Addressing the Queen
By Elizabeth Fullerton
An anachronism to some, keeper of a precious heritage to others, Britain’s Queen Elizabeth II has inspired a surprising diversity of artists. To mark the Queen’s Diamond Jubilee, celebrating her 60th year on the throne, the National Portrait Gallery in London has brought together some 60 iconic portraits by photographers and artists ranging from Lord Snowdon and Andy Warhol to Lucian Freud and Kim Dong Yoo.
The exhibition, “The Queen: Art and Image,” opens at the National Museum Cardiff on February 4 and the National Portrait Gallery on May 17, following stops in Edinburgh and Belfast last year. Through representations of Elizabeth, it charts a course across recent British history and art, against a backdrop of the realm’s shrinking empire, social upheaval, and the Internet revolution.
“It’s about how changing images of the Queen act as a kind of lens through which to see changes in our society and changes in artistic values,” says exhibition curator Paul Moorhouse.
The show moves from majestic portraits by Pietro Annigoni and Cecil Beaton of the young queen in her regalia to more relaxed domestic scenes from the 1960s. With Gerhard Richter’s blurred 1966 portrait, the depictions become more questioning.
But it was Jamie Reid’s 1977 poster defacing the Queen’s image for the Sex Pistols single “God Save the Queen” that shattered the deference forever, Moorhouse says. “It does seem to unleash something in the response of contemporary artists, who are also more critical from that point.”
Warhol’s glitzy silk screens from 1985 and Hiroshi Sugimoto’s 1999 photo of a waxwork Elizabeth imply a lack of substance behind the regal veneer. And royal supporters took umbrage at Justin Mortimer’s 1998 painting showing Her Majesty’s head floating above her body, as well as Freud’s lumpen 2001 portrait of the Queen. Among the more controversial works is Kim Dong Yoo’s Elizabeth vs. Diana (2007), made from 1,106 tiny pictures of Princess Diana.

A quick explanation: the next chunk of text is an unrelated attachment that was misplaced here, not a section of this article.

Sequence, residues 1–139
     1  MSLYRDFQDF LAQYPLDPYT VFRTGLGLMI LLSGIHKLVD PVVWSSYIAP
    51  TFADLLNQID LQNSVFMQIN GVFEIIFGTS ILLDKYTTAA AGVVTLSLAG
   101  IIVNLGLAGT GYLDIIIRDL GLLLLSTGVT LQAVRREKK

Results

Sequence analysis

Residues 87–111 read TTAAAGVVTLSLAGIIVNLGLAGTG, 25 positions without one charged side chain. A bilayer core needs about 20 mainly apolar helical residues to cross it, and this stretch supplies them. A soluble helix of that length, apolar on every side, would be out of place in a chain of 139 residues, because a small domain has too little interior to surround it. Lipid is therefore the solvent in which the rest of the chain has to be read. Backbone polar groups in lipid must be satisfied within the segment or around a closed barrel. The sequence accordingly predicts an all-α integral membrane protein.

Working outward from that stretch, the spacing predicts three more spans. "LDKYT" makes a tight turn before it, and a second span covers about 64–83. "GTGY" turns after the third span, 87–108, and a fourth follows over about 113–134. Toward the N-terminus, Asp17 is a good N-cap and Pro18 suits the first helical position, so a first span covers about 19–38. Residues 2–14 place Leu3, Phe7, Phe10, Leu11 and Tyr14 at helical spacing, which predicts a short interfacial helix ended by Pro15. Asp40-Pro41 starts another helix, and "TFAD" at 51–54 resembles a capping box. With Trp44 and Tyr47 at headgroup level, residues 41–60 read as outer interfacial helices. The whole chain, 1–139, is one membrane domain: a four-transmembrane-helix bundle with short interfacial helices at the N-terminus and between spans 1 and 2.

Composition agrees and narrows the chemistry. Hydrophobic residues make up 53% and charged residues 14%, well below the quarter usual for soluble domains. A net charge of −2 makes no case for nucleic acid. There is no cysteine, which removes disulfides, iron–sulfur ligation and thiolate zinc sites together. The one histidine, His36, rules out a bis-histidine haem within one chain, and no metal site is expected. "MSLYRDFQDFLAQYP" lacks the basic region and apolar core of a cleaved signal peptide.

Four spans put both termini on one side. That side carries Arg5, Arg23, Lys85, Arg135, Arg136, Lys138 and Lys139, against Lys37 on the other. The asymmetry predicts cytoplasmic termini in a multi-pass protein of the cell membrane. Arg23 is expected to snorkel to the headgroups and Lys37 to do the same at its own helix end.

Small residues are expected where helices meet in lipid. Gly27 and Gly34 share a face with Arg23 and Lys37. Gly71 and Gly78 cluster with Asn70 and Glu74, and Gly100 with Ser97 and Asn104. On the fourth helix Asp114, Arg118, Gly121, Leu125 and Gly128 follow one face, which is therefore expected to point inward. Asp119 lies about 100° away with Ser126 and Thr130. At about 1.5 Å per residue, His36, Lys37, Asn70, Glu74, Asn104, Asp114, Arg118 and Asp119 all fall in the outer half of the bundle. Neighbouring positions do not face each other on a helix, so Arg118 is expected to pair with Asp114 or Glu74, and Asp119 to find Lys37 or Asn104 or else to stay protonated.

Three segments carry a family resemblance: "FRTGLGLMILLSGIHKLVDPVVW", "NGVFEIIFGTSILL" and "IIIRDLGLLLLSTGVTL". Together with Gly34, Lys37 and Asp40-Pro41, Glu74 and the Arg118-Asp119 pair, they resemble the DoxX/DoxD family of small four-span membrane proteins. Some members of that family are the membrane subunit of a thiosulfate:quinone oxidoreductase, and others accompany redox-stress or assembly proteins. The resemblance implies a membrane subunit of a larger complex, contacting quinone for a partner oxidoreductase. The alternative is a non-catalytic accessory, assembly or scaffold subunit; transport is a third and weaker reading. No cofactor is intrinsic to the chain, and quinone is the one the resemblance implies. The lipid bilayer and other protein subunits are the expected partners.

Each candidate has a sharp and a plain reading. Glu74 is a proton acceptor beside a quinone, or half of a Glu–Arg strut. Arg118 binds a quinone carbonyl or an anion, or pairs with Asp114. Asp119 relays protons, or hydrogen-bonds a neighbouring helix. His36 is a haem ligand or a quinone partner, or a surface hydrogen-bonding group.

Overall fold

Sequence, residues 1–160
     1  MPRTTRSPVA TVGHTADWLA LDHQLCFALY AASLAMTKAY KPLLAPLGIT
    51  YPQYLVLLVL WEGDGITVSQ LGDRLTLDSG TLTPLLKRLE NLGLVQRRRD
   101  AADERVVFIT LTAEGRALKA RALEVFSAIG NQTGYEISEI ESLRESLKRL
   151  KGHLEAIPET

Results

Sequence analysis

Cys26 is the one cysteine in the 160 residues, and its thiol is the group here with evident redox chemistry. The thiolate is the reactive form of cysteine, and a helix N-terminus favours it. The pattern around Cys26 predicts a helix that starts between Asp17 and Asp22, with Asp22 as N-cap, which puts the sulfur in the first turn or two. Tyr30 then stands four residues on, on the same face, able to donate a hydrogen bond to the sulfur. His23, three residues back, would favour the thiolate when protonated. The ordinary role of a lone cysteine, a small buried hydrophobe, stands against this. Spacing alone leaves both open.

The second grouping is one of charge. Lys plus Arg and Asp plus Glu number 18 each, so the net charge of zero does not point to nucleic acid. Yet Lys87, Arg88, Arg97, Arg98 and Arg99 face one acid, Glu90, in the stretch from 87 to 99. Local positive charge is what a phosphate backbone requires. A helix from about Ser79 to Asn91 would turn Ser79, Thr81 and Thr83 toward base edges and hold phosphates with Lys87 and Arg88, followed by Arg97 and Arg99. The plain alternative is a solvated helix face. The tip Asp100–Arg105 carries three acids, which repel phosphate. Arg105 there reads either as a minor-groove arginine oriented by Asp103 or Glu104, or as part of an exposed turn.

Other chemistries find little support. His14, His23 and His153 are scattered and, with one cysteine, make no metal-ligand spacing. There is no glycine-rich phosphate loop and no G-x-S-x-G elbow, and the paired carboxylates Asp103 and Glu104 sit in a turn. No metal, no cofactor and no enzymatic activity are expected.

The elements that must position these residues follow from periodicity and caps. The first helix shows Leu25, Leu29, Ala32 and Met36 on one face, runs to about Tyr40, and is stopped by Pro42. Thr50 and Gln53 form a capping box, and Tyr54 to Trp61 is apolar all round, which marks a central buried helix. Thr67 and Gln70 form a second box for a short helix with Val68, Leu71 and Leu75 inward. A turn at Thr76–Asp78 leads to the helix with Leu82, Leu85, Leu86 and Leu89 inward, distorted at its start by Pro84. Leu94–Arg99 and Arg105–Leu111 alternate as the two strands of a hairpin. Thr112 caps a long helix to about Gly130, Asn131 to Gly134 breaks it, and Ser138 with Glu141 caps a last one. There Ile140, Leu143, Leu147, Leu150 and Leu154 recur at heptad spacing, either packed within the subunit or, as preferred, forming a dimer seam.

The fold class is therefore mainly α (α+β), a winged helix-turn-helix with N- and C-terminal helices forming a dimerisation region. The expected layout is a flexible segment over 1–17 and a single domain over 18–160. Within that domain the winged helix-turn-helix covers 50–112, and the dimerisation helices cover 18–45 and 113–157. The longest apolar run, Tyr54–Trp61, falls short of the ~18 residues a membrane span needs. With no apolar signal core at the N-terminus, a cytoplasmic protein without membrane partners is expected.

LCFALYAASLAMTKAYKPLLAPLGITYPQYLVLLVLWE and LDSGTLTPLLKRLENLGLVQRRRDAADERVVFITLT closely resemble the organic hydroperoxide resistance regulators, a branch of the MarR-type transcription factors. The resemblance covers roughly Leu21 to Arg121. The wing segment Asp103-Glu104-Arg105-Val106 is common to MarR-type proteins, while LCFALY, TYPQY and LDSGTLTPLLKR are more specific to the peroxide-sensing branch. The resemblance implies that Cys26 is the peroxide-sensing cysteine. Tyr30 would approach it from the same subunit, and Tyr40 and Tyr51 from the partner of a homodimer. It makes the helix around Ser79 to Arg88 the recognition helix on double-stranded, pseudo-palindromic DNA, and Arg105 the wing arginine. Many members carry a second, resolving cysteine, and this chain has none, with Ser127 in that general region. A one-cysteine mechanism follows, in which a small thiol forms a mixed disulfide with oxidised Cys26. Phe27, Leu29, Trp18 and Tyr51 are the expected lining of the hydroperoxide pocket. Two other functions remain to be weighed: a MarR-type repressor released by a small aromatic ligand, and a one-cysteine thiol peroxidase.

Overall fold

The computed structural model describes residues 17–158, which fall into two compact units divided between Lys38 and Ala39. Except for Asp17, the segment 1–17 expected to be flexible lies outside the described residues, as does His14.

British Guyanese artist Hew Locke says traditional “sycophantic” images of the Queen make him physically sick. His sculpture Medusa (2008) is composed of beads, bugs, trash, and toys. “Obviously it’s a portrait, but it’s something much more than that. It’s a kind of dark talisman, it’s about the state of the nation,” Locke says.
As a portrait of the nation, the exhibition captures seminal moments in British consciousness like Princess Diana’s death, encapsulated in a press photo of Elizabeth and Prince Philip surveying floral tributes outside Buckingham Palace.
Chris Levine’s haunting holographic portrait of the Queen resting her eyes, Lightness of Being (2007), is on the show’s promotional poster. Levine explains that it was inspired by meditation. “I was trying to create that sense of stillness. When she shut her eyes, it was kind of meant to be,” he says of his photo shoot with Elizabeth.
The historian David Cannadine, who contributed an essay to the exhibition catalogue, suggests that the Queen “is probably the most visually represented human being ever to have existed in the entire history of the world,” if one includes coins, stamps, and media imagery. Yet her real persona remains an enigma, and the exhibition makes no pretense of solving it.
“All you really have of the Queen is images,” says Moorhouse. “You never have an intimation of what she’s like as a person.”